Italy's borrowing rates shot up to a new high on Tuesday, breaking through the 7.0-percent warning threshold, with an inversion in the yield curve reflecting investor concern that the country could default.
At a bond sale closely watched by investors worried that the country could need a bailout, the rates on bonds with shorter maturities were higher than on longer maturities, an inversion of the normal rise of a yield curve.
The Treasury raised 7.5 billion euros ($10.05 billion) with bonds to expire in 2014, 2020 and 2022, falling slightly short of its target of between 5.0 and 8.0 billion euros but temporarily reassuring the markets.
But yield on bonds maturing in 2014 shot up to 7.89 percent from 4.93 percent, while rates on those expiring in 2022 rose to 7.56 percent compared to 6.06 percent at the last similar operation -- causing a yield curve inversion.
Interest on bonds due in 2020 also rose from 5.47 percent to 7.28 percent.
Because time is risk, the interest rate on long-term loans is usually higher than rates on shorter term lending.
It is the first time recently that the yields have inverted on the Italian primary market, though the distortion began several days ago on the secondary market for already issued debt.
"It means that the markets perceive a serious risk of default in the short term," said Sergio Capaldi, bond strategist with Italy's Intesa Sanpaolo bank.
Although the Milan index had risen in line with other European stock markets following the bond sale, by early afternoon it had dropped to show a gain of less than 0.29 percent.
On Friday, Italy had to pay 6.504 percent to borrow money for six months.
Interest rates this high are considered unsustainable in the long term for Italy, which is struggling to reduce an unwieldy debt mountain of 1,900 billion euros -- around 120 percent of its Gross Domestic Product.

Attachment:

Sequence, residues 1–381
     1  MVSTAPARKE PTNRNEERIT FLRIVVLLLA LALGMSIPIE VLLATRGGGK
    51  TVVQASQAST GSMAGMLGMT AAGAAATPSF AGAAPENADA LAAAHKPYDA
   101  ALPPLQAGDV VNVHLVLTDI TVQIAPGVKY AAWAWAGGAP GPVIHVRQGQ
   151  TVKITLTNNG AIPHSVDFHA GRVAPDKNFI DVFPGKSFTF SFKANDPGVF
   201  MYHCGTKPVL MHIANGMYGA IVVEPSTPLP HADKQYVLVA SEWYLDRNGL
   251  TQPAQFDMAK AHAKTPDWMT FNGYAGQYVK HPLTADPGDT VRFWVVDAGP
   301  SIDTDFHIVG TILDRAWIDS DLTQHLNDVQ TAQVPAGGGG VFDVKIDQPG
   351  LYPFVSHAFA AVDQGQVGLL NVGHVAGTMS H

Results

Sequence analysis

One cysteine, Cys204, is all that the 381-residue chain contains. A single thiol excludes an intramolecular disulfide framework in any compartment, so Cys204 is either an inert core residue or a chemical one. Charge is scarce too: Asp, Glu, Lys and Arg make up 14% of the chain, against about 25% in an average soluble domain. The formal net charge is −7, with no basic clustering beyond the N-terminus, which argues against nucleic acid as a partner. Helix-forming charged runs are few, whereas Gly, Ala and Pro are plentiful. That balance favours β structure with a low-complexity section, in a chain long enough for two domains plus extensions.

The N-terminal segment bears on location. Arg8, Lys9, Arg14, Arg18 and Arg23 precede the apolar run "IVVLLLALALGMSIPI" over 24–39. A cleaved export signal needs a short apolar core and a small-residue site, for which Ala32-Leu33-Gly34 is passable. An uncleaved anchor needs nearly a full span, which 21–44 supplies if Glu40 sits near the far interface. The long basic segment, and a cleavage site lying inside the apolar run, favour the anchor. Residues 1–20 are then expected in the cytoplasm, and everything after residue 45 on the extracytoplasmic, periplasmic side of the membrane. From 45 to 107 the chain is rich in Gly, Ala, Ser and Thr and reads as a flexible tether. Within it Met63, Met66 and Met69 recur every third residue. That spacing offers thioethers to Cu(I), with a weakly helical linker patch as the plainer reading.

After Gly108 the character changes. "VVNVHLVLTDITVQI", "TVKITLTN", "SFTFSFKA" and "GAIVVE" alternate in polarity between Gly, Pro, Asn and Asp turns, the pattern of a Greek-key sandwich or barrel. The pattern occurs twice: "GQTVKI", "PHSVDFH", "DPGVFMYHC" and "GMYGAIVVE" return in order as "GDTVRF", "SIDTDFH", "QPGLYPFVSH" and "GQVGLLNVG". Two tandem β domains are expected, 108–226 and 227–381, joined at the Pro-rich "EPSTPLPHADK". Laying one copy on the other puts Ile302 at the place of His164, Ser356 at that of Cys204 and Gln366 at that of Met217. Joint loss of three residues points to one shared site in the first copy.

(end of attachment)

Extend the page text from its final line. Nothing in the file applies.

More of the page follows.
"We can see the glass as half empty or half full," said Ciaran O'Hagan, bond strategist with the French bank Societe Generale.
"It went well, the bonds were sold but Italy cannot pay rates at that level every month. It's not tenable in the longer term," he said.
Capaldi said that while the fears Italy would not find takers for its debt had not been realised, "the rates are at scandalous levels."
"It's a price Italy cannot pay for more than a few quarters. All emissions at rates over 7.0 percent bring us closer to the moment Italy will need external help," he said.
An inversion of yields means that the usual equation of longer loans with higher risk has been distorted. Greece, Ireland and Portugal all saw their yield curves invert before being forced to ask for emergency funds.
The head of the International Monetary Fund (IMF), Christine Lagarde, said on Monday that the fund had not received any request for aid from Italy, despite rumours of a bailout of up to 600 billion euros for the ailing economy.
In an attempt to win back investor confidence, Prime Minister Mario Monti's government is set to announce new measures at the beginning of next week, aimed at balancing the budget by 2013 and relaunch the country's anaemic growth.
Amid repeated warnings that Italy may be too big to bail out, eurozone markets are hoping the European Central Bank (ECB) will buy up more Italian debt to drive down rates -- an idea strongly opposed, however, by Germany.